I woke yesterday to notice a couple of tweets suggesting that the Astor Cinema would close next year. I’m not surprised. The cinema business has evidently been unviable for many years, even given the reportedly modest rent the cinema currently pays. The building requires expensive maintenance and repairs that the owner cannot afford. He needs to put up the rent, and the cinema can’t afford it and has stated it will vacate the building.

The operator of the cinema, George Florence, seems to get into disputes with all his landlords. He may have a long history as a tenant in the building, but viewing the history of news reports about his business leads the reasonable reader to the conclusion that he has unreasonable expectations and a deluded sense of entitlement about his place in the building. He also sounds like a hypocrite if he now decries a multi-screen renovation when he is on the public record as thinking a sensitive redevelopment, like that of the Rivoli in Camberwell, could be a good idea back in 2007.

Unlike a domestic residential lease, where landlords needs to fix most infrastructure problems, such as blocked toilets, in commercial leases tenants have far more responsibility for infrastructure. What a tenant is responsible for and what the landlord is responsible for is often disputed, especially if the terms of the lease do not provide further clarification.

When I reviewed the recent history of the building and the cinema within it a year ago, it was clear to me that the cinema actually had less certainty about its future based on the circumstances of the building’s new elderly individual owner, a man who lost money on selling the George cinema in St Kilda and who had to sell his home to cover it, than it did when the building was owned by St Michael’s Grammar School, which has a long history in the area, a history of local real estate investment and long terms plans to remain an inner city school.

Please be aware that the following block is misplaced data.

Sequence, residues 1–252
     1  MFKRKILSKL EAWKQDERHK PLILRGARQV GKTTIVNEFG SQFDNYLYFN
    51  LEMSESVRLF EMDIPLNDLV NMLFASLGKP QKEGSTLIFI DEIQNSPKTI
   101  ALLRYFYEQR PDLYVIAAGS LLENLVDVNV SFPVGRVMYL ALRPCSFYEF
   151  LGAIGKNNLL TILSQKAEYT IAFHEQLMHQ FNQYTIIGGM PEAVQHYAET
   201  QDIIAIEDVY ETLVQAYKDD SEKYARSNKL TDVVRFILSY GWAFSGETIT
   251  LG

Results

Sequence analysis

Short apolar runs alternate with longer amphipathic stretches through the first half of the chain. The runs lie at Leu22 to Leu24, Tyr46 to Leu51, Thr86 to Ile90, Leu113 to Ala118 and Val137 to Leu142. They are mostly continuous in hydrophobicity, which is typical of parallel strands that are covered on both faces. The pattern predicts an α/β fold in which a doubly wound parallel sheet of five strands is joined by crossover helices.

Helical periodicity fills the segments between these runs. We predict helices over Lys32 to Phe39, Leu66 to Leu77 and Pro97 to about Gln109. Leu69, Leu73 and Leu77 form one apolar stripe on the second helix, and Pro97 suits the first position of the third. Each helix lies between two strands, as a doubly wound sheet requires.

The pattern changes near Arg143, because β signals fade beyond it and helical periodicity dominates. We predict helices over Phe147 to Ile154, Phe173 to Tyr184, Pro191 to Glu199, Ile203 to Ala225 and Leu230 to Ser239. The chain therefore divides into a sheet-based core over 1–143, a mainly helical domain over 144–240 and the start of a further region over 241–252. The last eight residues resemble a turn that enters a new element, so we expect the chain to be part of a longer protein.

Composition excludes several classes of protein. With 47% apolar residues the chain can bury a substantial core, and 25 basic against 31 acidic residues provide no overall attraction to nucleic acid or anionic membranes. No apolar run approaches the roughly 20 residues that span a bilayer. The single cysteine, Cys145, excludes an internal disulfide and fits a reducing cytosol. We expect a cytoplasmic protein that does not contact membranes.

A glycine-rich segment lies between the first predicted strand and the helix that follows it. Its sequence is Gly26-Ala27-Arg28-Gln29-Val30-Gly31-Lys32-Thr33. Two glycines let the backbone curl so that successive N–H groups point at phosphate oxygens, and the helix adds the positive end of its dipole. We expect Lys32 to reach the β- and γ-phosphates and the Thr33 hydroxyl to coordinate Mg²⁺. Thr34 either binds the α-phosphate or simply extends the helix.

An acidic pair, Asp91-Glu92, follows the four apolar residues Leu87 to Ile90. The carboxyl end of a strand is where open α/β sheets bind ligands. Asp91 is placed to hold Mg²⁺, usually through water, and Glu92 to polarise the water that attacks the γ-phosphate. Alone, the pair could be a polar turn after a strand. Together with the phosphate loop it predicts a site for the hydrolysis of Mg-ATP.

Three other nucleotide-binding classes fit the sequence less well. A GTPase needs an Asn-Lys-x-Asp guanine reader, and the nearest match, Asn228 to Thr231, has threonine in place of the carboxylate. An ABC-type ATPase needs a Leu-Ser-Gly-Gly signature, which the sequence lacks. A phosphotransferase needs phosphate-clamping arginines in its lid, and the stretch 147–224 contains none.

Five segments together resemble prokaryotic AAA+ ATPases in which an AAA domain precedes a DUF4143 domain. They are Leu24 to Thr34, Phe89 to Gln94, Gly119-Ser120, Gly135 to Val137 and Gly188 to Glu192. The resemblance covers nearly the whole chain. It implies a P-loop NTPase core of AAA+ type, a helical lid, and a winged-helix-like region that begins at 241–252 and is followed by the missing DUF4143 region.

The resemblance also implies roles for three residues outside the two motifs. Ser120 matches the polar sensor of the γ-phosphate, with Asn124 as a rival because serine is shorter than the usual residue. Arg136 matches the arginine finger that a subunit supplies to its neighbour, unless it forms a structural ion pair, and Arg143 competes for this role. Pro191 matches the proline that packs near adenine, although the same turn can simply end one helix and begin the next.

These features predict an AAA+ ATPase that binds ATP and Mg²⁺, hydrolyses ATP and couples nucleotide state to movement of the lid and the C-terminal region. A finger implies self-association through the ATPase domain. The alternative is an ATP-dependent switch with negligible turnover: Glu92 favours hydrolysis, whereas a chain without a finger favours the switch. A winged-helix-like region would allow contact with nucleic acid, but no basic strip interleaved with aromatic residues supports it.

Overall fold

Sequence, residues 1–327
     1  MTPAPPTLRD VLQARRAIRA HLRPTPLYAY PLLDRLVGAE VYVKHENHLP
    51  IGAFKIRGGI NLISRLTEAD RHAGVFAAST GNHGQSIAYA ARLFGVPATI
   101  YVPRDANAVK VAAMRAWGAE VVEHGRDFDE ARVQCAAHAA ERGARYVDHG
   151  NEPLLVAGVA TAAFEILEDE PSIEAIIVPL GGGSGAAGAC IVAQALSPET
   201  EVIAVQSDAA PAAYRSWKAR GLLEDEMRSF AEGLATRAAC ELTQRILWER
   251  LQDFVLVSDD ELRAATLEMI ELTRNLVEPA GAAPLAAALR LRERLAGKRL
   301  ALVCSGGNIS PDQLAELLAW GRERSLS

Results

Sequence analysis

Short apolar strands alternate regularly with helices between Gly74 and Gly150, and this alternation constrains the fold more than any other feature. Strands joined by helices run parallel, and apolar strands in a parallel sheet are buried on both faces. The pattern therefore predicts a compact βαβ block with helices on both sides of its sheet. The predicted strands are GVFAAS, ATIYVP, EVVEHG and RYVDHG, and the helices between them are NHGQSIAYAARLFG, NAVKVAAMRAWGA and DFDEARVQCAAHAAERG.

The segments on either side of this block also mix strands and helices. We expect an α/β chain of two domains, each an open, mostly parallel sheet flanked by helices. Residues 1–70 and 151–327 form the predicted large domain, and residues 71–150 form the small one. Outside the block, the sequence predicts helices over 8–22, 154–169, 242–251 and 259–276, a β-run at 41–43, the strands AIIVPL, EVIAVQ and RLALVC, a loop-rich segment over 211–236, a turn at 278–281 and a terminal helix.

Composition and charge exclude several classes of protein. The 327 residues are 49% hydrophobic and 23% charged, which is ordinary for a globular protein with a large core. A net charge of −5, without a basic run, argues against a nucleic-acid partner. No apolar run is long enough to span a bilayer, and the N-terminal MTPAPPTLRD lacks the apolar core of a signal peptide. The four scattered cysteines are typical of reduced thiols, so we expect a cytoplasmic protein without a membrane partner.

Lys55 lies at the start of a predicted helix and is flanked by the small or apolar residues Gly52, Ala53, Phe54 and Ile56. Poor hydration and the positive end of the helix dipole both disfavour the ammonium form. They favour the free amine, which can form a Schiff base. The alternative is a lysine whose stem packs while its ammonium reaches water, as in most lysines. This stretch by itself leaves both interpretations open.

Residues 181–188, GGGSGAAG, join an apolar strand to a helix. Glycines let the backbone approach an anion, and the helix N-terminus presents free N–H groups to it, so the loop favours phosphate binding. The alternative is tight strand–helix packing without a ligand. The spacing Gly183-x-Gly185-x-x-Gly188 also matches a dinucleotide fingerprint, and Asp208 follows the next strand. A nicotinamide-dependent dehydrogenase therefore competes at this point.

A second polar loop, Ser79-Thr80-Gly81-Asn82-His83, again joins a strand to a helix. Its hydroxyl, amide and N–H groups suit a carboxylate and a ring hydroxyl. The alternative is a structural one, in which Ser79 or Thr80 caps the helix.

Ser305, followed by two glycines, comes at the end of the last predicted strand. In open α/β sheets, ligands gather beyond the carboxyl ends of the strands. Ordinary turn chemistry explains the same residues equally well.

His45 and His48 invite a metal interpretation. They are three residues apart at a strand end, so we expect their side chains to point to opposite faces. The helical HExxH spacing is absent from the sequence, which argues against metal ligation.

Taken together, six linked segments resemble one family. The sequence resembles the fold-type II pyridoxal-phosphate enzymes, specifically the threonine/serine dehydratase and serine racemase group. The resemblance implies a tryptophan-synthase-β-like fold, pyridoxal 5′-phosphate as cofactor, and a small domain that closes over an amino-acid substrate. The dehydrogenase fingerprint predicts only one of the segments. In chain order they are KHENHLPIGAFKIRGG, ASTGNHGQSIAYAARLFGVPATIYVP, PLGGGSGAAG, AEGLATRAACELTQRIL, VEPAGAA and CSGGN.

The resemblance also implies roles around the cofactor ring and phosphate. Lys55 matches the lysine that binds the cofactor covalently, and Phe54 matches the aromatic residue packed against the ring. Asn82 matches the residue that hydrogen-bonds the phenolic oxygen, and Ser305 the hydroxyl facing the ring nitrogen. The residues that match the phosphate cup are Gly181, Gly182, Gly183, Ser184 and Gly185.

It seemed deeply pathetic to me two years ago that the cinema allowed the Friends of the Astor Association (FOTAA) to speak publicly on its behalf and act as its public relations arm. FOTAA engaged in a deliberately misleading and manipulative campaign against the school that pushed a naive public to criticise the school for no reason.

The result was that the school sold the building. The irony is extensive. When the school bought the building in 2007 it was hailed as a saviour. Then it became the enemy for no reason and was driven out by negative social media publicity. The new owner became the saviour but he too started expressing some semblance of rational business thinking and then became the enemy. The building and its cinema tenant have run out of saviours and, in my eyes, public sympathy.

FOTAA has hopefully run out of public support. Its campaign against the school can now be viewed as absolutely pointless, and arguably quite destructive of the cinema’s potential future under the comparatively stable and future-oriented school. The statement they made yesterday on their website made no mention of the building’s owner. They’ve backed themselves into a corner and have no one left to blame for the demise of the cinema.

FOTAA itself appears defunct. It tweeted nothing between August and December 2013 and then between December and June 2014. While its Facebook page has been active it’s mostly generic film content. Good riddance FOTAA. Back in 2012 you manufactured a bad situation out of nothing but class hatred and ill will and contributed nothing to the community you claimed to serve.

Farewell Astor. I’ve been a customer many times and may be one again before you close. There’s another screening of 2001 A Space Odyssey in 70mm coming up. That may be my last visit.

the Astor cinema in St Kilda will close in 2015

Leave a Reply

Your email address will not be published. Required fields are marked *